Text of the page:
Most raccoons live only around 5 years, but in captivity they have made it to 17 years. While they do not tend to roam or forage in packs they still are relatively sociable animals, and may den together during the winter. They have a range of sounds and calls they use. One reference to these sounds was that of a “long, mournful whooo-oo-oo-oo” of the raccoons calling to each other at night. Another reference describes their “chuckling sound” when not alarmed, or their snarling, growling, or hissing when they are frightened or angry. The young raccoons may call for their mother with a chirping sound similar to a frog. If these sounds seem to be coming from an attic or a crawlspace they could be important signals of what pest is present.
Raccoons may exhibit a very aggressive behavior when cornered, and they are known to severely injure or kill dogs that chase and corner them. They are nocturnal, and will find dens to hide and sleep in during the daytime. These commonly will be under homes or other structures on a property, or in hollow logs, trees, or burrows in the soil in natural habitats.They enter chimneys if no shields are in place to prevent their entry, and easily get into attics if a route is offered to them. If no immediate route is available they may just make their own, tearing off thin screening over attic vents, prying apart louvered vents, or ripping off the wood shakes of cedar shake roofs and squeezing through the gaps beneath.
Raccoons do pose a very real and serious health threat to people and our pets. They serve as the reservoir for several pathogens and parasites. One of these very serious parasites is raccoon Roundworm, passed out of the animal in the egg stage in the feces of the raccoon. As described in one article on this parasite and the host, the feces of raccoons may litter the ground in “M&M-sized pieces”, which a small child might pick up and put in his mouth. Thus, the biggest threat is to young children, although if an adult somehow ingested fecal material with the roundworms in it they too could suffer serious problems. In adult humans the worms may migrate to the eyes, causing loss of vision. In children the worms may move to the brain and cause death of the child.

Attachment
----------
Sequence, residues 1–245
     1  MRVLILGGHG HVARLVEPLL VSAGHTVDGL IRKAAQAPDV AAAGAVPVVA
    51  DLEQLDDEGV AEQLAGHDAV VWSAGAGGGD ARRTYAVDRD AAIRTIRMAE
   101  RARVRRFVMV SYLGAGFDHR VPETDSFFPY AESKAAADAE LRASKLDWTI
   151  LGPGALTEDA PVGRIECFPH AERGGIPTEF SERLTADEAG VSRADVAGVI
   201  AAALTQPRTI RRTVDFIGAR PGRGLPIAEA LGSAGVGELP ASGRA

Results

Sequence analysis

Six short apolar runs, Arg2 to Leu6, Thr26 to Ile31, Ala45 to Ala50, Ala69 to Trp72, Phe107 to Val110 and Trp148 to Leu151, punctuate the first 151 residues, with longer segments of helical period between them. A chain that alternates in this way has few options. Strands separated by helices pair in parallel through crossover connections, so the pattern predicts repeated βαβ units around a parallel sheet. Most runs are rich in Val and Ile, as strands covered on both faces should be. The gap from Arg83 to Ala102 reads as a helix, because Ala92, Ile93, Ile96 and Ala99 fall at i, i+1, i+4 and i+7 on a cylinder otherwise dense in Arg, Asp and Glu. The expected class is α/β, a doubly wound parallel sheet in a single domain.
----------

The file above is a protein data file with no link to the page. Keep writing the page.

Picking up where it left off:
Preventing the cycle of transmission of raccoon Roundworm means eliminating the source, which is the feces. Raccoons often defecate in specific places called “latrines”, or they may simply defecate from the trees in which they are resting, littering the soil below with the fecal pellets.
Where raccoons are active it must be assumed that the roundworms are present.
Infected raccoons can shed millions of eggs of the roundworms each day in their feces, and these eggs have the potential to survive up to 12 years in the environment. A human can be infected simply by putting contaminated fingers in his mouth, which small children are even more apt to do. With raccoon populations increasing in urban areas due to their ability to adapt and live close to our homes the threat of this parasite is increased as well.
Another serious disease of raccoons that can be transmitted to humans or our pets is rabies, which is caused by a virus that can attack the nervous system of any mammal, and which is nearly always fatal. Rabies is spread in the body fluids of an infected animal, including blood and saliva. An animal can be infected by being exposed to the saliva or blood of another infected animal through the mouth, eyes, or a break in the skin.
Contact Bama Pest Control today for assistance with nuisance wildlife. Our complete measures involve an extensive on-site inspection and then full treatment to completely eliminate these pests from the premises.